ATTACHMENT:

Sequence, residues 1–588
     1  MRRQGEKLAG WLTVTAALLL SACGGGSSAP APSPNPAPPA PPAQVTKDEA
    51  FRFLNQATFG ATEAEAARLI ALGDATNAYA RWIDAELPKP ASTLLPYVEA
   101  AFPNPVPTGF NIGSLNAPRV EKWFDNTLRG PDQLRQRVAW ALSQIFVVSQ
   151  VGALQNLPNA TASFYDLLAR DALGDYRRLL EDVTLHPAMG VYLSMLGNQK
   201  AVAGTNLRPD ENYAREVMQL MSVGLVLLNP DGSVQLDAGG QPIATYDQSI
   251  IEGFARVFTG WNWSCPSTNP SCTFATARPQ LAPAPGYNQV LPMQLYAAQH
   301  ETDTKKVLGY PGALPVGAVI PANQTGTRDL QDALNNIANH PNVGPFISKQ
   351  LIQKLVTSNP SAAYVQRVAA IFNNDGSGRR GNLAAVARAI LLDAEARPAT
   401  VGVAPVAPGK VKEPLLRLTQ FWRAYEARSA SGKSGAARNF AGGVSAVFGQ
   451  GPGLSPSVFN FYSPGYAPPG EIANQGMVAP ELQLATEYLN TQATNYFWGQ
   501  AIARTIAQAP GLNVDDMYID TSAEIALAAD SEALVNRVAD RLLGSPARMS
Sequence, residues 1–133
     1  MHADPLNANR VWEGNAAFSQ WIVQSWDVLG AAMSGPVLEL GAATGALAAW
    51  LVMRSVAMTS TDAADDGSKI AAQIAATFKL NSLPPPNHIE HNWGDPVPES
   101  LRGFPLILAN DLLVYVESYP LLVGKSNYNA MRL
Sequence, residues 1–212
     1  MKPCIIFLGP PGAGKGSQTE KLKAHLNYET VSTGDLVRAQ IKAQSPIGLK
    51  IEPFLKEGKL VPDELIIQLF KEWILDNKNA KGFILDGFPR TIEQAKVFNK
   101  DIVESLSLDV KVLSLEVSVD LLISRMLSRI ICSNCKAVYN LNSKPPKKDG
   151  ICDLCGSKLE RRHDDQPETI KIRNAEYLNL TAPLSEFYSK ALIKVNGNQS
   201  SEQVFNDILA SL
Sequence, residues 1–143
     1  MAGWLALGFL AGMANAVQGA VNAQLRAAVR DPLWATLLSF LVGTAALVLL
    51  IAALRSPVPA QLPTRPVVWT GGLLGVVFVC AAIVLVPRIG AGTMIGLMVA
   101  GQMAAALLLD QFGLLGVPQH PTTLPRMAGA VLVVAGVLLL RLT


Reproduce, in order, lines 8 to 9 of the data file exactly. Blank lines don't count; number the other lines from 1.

   301  ETDTKKVLGY PGALPVGAVI PANQTGTRDL QDALNNIANH PNVGPFISKQ
   351  LIQKLVTSNP SAAYVQRVAA IFNNDGSGRR GNLAAVARAI LLDAEARPAT